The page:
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Dr. Goodword
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Postby Dr. Goodword » Thu Feb 17, 2005 8:17 pm

• pander •

Pronunciation: pæn-dêr

Part of Speech: Noun, Intransitive verb

Meaning: 1. [Noun] The scientific term for pimp, a procurer of sexual favors. 2. [Noun] A person who complies with the base inclinations of others. 3. [Verb] To lower one's standards or morals for approval or wealth, as to pander to the whims of the wealthy.

Notes: This word, good or bad, is a member of a large and mostly legitimate family. The activity of a pander is panderage; they behave in a panderly fashion (his panderly gaze dissuaded her from staying). Although pandership has been recorded, we recommend reserving this word to address panders you respect (Yes, your pandership). That should be the end of it. Most dictionaries now list panderer as the agent noun with a reduplication of ther final –er. However, this word is an illegitimate issue of pander—the black sheep of the family. The second -er is redundant. While we do form agent nouns by adding –er, it is not necessary in this case; the word already refers to an agent.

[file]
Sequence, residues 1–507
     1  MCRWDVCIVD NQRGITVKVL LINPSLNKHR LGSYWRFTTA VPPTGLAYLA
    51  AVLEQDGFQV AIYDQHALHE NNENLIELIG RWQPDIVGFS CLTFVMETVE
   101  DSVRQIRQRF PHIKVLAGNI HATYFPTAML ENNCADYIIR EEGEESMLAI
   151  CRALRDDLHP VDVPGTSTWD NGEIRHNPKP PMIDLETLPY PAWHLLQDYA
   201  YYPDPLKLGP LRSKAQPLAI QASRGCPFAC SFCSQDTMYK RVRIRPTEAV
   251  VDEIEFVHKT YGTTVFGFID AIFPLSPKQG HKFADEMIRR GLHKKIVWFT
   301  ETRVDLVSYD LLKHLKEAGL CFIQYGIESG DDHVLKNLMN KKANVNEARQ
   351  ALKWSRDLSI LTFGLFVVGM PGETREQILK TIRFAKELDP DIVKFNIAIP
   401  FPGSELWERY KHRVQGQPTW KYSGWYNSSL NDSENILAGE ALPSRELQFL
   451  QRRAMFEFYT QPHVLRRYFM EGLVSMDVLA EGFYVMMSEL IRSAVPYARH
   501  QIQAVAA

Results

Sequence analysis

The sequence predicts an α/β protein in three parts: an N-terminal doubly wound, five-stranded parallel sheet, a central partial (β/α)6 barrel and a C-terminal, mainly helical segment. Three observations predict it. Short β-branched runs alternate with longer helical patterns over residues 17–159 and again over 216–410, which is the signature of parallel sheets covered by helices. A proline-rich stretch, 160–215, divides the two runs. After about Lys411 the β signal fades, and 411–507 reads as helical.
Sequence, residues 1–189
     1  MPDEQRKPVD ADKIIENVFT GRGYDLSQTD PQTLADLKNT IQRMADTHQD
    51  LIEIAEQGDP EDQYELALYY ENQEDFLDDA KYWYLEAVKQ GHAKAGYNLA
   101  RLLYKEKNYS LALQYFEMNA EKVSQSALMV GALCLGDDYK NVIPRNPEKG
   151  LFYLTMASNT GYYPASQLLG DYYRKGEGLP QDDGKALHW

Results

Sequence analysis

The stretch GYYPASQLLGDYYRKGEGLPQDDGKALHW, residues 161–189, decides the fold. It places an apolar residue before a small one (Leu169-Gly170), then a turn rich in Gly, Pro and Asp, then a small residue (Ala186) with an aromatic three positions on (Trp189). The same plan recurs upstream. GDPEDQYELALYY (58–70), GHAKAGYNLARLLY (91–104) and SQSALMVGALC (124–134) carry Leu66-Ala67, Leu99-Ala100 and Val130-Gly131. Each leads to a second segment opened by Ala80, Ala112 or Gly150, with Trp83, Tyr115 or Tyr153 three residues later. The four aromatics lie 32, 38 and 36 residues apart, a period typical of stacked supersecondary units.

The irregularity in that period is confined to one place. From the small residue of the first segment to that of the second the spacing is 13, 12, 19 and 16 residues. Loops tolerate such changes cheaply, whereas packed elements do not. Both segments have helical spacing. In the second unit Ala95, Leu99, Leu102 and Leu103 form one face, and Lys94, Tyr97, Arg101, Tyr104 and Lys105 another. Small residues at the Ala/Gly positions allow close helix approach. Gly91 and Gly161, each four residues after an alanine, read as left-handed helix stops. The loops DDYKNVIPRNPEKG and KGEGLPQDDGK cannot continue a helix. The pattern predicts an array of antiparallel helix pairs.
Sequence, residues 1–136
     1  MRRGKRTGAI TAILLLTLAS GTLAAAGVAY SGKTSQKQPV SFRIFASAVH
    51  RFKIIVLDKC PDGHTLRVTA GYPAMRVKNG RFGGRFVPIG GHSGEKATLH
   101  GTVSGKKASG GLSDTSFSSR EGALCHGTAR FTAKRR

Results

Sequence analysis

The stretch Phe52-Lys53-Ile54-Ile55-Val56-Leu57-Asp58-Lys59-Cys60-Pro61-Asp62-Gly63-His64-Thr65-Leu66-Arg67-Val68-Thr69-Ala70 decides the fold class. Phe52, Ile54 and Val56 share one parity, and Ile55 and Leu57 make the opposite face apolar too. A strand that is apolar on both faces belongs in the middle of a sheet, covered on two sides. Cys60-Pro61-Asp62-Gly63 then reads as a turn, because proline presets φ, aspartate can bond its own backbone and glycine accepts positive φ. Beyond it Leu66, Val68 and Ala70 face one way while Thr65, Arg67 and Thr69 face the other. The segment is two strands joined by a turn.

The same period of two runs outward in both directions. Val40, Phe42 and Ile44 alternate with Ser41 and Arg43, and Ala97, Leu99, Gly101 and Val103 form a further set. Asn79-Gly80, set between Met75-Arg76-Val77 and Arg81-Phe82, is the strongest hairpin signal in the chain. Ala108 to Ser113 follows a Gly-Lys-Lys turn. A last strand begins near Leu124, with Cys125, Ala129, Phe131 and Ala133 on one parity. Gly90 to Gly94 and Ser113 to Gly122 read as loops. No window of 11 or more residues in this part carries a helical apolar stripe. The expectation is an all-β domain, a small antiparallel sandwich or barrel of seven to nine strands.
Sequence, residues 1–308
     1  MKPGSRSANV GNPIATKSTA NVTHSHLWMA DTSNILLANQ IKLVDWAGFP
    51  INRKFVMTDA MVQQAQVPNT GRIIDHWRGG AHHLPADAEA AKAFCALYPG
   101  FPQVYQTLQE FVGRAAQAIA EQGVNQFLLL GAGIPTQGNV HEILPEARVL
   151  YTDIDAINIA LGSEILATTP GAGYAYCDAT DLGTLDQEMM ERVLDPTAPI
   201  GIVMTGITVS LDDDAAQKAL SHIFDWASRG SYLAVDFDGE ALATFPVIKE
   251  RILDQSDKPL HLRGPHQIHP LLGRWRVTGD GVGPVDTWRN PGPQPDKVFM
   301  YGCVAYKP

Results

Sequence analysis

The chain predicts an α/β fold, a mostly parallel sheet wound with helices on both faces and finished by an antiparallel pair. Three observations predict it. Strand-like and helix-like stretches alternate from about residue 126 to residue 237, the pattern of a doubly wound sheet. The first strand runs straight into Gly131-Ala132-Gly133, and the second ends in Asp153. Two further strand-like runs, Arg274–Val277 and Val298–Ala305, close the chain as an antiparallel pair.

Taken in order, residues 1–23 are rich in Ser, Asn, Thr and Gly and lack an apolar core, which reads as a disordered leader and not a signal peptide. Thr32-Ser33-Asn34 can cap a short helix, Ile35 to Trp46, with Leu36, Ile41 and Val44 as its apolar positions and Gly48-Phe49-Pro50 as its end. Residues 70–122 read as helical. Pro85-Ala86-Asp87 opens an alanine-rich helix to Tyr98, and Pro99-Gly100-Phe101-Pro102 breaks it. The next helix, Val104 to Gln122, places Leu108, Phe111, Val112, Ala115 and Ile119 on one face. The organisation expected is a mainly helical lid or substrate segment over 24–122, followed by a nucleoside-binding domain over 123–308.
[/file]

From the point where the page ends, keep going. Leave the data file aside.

In Play: Let us begin with the delicate meaning of this good bad word, "When the police raided the red light district last night, 'pandermonium' broke out." Now that we have that behind us, let's look at the more usual use of this term: "Duane Pipes is nothing but a servile little pander who does whatever that corrupt boss of his tells him."

Word History: Today's word has an eponym in Greek Pandaros, a name associated with betrayal because the Trojan prince, Pandaros, broke the peace with the Athenians during the Trojan War. Boccaccio next used the name in his Decameron Tales, where his Pandaro facilitates the love of Troilus for Criseida. The same character in Chaucer's Troilus and Criseyde has slipped even farther along the moral slope and is protrayed as someone much like a procurer. (We procured this word from a perfectly legitimate suggestion sent by Susan Lister, a serial contributor to our Good Words.)
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Postby tcward » Thu Feb 17, 2005 10:42 pm

I think I've always heard the noun form as panderer. :?


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Postby Stargzer » Fri Feb 18, 2005 12:54 am

Overheard in a rural part of The South:

"Heeyyyy, Bubba! Ah thawt a pander was that thar black-'n'-white b'ar they got in th' zoo up thar in Warshintun Dee-See."

"No, Skeeter, that's a pan-DUH. Ah think th' DUH part comes 'cause the guy pan-duh jes sets 'n' eats bam-boo 'n' don' never pay no min' t' his lady-fren."

"Wellllll, if'n mah lady-fren lookt lahk his, Ah wooden pay her no min' neethuh!"

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